FDA certainly would be capable of doing it​,” he added, “But given the realities of the marketplace and the political climate they need to find a compromise.” 

As for the nature of inspections, he said, “Inspectors wouldn’t be standing in a room staring at a bioreactor, but what that ​[an inspection] might look like will be fleshed out and better understood during this consultation process. Maybe they don’t need to be there all the time, for example.”

Is it 'meat'? 

So what does he make of the term ‘cell based meat’?

The term is more feasible than ‘clean meat’ from a regulatory perspective because it does not imply any value judgements or disparage conventional meat, and could meet the ‘truthful and not misleading’ criteria, he added. “But I think the jury is still out.”

As to whether cell-based meat is, well, meat, Sylvester said he agreed with Memphis Meats that it meets USDA's current statutory definitions. 


Clean meat, cell-based meat, cell-cultured meat, lab-grown meat, in-vitro meat, new meat?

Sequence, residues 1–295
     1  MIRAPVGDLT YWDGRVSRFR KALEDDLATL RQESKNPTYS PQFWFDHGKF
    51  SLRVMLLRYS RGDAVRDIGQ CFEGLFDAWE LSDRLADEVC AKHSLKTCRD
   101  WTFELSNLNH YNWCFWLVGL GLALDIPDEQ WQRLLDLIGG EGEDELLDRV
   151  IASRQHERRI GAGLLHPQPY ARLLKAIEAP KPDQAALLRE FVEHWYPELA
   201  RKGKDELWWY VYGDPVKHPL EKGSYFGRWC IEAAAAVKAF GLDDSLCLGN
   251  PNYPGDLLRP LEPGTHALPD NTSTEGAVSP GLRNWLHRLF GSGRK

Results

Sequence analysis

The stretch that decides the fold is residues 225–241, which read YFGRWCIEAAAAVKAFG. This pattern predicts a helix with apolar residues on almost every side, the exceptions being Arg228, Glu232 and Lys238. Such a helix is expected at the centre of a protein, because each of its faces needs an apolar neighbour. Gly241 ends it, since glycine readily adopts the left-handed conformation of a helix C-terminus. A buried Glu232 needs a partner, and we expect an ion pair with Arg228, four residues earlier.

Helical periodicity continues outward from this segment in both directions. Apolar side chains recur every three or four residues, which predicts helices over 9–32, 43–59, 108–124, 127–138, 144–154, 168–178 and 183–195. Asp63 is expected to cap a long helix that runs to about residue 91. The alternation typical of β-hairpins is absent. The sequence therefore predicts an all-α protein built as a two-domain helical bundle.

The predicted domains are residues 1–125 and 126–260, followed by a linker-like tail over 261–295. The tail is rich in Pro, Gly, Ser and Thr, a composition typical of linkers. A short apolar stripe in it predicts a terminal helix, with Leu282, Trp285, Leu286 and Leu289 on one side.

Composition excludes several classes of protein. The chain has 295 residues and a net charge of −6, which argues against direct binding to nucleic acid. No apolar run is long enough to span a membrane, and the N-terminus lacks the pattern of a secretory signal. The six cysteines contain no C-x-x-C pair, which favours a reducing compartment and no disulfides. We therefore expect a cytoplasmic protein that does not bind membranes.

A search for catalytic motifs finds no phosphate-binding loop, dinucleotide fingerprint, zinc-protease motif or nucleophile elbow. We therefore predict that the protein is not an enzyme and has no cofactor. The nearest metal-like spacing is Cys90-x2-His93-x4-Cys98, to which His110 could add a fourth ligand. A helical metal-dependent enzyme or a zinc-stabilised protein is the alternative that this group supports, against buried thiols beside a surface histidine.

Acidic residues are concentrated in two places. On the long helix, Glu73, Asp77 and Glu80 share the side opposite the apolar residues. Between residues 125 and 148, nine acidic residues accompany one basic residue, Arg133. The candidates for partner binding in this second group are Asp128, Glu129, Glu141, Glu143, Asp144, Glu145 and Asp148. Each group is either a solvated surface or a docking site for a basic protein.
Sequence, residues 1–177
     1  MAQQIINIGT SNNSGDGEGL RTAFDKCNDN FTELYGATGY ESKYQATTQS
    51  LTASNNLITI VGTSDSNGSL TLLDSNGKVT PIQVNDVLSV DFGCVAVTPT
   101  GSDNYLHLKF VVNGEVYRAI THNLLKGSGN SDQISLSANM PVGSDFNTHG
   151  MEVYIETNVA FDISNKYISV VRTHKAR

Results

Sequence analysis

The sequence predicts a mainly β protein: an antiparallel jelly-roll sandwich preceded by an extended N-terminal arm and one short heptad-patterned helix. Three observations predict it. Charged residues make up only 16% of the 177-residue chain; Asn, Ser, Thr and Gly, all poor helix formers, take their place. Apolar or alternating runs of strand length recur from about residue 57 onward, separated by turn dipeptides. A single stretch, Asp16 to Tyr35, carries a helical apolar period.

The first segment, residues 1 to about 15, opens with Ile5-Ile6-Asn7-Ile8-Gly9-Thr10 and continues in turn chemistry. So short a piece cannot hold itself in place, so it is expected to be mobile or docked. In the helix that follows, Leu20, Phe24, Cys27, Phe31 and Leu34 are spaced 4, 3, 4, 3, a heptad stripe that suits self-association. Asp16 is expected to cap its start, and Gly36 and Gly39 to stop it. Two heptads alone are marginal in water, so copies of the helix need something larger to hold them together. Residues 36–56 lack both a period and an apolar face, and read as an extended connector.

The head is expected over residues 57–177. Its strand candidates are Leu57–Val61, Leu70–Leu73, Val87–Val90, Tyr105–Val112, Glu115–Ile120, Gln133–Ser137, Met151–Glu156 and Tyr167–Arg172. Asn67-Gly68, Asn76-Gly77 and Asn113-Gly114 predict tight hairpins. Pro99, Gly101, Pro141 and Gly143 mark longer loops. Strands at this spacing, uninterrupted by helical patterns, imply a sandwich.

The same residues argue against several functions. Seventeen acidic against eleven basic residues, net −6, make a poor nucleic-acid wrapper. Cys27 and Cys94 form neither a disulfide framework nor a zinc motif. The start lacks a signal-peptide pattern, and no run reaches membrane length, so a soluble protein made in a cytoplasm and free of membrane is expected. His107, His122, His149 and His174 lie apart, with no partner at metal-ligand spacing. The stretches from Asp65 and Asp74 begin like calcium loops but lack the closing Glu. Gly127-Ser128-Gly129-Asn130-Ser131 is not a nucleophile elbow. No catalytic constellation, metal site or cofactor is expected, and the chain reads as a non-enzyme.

The term 'clean meat’ – coined because cell-based meat is cultured in a sterile environment and because it has a lower environmental footprint (like 'clean energy') - has become more widely used in the media over the past year as the Good Food Institute has sought to popularize the term.

However, it has had some pushback, given its tacit implication that regular meat is 'dirty,’ coupled with confusion over what it means, although it’s clearly more consumer-friendly than ‘synthetic,’ 'lab-grown’ and 'in-vitro’ meat.

So will 'cell-based' meat - a term preferred by the North American Meat Institute and cell-based meat firm Memphis Meats - find favor with consumers and regulators?